Coronavirus: migrants’ rights
Since 2010 the Government has embedded immigration control into every aspect of life. The ‘hostile environment’ aims to make life as unbearable as possible for undocumented migrants by blocking access to public services and pushing them into extreme poverty.
The cornerstone of the hostile environment are data-sharing deals between vital public services and Immigration Enforcement so that undocumented people who access healthcare or report crimes to the police can be targeted for deportation. This has a devastating impact on an already marginalised community.
Many people are still too afraid to seek medical care in case their details are passed to immigration enforcement.
The Home Office said everyone will receive free treatment for coronavirus, but because data-sharing between the Home Office and NHS Trusts is ongoing – and undocumented people have to pay massive fees for any other kind of treatment – many people are still too fearful of seeking medical care in the middle of this public health crisis.
Thousands of people are also locked up in immigration detention centres every year in the UK where there is no access to satisfactory healthcare. The Government failed to put forward an adequate plan for those currently held in detention.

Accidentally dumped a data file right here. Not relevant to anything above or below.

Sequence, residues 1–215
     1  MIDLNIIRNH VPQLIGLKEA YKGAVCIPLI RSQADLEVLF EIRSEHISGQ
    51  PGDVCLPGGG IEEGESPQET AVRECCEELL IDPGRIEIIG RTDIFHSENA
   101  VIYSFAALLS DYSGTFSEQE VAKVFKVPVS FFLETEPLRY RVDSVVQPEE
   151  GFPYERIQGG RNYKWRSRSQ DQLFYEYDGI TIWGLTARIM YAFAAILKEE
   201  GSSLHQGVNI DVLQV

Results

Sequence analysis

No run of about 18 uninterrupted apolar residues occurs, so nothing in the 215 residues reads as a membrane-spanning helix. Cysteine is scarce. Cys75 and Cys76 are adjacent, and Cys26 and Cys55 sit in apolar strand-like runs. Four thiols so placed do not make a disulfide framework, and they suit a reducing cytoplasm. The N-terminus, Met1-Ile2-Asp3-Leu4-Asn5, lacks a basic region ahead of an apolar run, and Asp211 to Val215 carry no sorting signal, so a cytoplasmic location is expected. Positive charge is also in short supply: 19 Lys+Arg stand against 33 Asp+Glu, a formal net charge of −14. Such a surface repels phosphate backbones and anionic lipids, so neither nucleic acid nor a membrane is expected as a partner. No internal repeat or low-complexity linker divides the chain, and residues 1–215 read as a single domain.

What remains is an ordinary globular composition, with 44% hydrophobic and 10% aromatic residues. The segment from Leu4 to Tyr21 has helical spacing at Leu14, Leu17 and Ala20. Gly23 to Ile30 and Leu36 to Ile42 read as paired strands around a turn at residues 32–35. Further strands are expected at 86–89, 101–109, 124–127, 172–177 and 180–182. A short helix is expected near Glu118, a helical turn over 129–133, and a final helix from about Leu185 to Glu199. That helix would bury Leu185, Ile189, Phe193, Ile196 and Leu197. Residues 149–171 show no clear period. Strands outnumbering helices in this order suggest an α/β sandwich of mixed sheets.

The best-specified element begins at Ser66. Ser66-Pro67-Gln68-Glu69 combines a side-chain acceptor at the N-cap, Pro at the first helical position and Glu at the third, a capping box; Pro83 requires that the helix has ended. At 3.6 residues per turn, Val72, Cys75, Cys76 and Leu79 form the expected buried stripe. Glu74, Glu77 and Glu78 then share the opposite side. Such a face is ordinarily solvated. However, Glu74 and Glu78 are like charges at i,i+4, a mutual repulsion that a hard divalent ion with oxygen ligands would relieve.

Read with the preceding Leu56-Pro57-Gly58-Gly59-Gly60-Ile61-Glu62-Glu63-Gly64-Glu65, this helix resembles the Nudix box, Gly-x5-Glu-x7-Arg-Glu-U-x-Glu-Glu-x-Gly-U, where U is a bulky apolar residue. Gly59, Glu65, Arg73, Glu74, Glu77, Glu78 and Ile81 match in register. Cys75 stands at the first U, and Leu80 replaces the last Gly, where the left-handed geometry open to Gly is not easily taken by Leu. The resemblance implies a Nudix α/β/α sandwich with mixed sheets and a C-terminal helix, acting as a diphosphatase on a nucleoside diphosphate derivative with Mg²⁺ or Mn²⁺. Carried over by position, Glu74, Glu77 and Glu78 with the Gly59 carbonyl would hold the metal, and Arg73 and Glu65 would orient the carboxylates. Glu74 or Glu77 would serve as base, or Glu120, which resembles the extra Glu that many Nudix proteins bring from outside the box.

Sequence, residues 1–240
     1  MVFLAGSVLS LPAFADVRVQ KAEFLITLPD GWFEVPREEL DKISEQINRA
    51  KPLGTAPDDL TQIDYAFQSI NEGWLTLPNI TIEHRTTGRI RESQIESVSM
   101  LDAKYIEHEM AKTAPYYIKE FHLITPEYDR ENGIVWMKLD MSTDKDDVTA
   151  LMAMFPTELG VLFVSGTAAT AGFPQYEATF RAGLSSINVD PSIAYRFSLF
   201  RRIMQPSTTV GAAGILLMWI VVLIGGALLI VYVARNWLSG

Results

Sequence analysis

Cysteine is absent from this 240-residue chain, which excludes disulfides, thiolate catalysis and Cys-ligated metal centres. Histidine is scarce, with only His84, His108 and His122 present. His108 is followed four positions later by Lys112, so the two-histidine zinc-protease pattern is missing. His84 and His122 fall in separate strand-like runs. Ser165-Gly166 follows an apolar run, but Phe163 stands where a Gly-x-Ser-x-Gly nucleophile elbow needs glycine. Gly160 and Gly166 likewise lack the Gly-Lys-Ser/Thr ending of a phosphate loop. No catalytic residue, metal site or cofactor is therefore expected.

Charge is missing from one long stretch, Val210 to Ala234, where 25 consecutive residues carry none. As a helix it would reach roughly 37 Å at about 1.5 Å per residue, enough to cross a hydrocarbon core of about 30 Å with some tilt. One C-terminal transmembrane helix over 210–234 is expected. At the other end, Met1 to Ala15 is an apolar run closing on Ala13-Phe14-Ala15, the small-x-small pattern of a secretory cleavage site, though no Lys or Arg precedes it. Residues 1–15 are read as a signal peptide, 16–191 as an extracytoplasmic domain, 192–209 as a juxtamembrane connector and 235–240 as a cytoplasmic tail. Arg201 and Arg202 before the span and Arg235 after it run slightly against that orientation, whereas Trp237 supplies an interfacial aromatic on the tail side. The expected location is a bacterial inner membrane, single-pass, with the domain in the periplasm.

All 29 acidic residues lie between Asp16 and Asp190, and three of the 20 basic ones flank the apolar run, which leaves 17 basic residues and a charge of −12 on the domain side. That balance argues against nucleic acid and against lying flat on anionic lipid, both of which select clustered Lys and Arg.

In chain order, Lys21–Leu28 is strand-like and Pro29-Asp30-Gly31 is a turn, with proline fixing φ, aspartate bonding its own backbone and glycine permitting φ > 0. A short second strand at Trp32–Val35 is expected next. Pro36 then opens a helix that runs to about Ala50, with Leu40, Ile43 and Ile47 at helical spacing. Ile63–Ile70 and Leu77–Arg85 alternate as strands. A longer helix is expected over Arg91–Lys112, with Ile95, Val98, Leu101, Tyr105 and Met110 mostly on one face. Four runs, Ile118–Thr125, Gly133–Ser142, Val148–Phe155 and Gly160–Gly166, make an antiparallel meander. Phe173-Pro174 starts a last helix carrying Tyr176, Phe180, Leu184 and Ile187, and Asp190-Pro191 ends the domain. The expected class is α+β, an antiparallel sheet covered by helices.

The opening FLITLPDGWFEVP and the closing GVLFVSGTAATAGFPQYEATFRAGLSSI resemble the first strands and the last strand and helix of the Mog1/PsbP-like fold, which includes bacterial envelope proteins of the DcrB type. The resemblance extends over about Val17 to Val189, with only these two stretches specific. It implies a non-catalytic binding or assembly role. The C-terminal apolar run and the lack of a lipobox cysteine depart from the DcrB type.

What we want
The Government placed immigration policy ahead of human life in the middle of a pandemic. It must now finally turn its back on the racist hostile environment.
This means ending landlord and employer immigration checks that have fuelled discrimination and forced people into extreme poverty.
It means an end to charging migrants exorbitant fees for healthcare.
It means scrapping the ‘no recourse to public funds’ rule which means people in dire need can’t receive benefits and survivors of domestic abuse can’t even access refuges.
Time-limited visas must be automatically extended.
And everyone locked up in immigration detention centres during a public health emergency must be urgently released.
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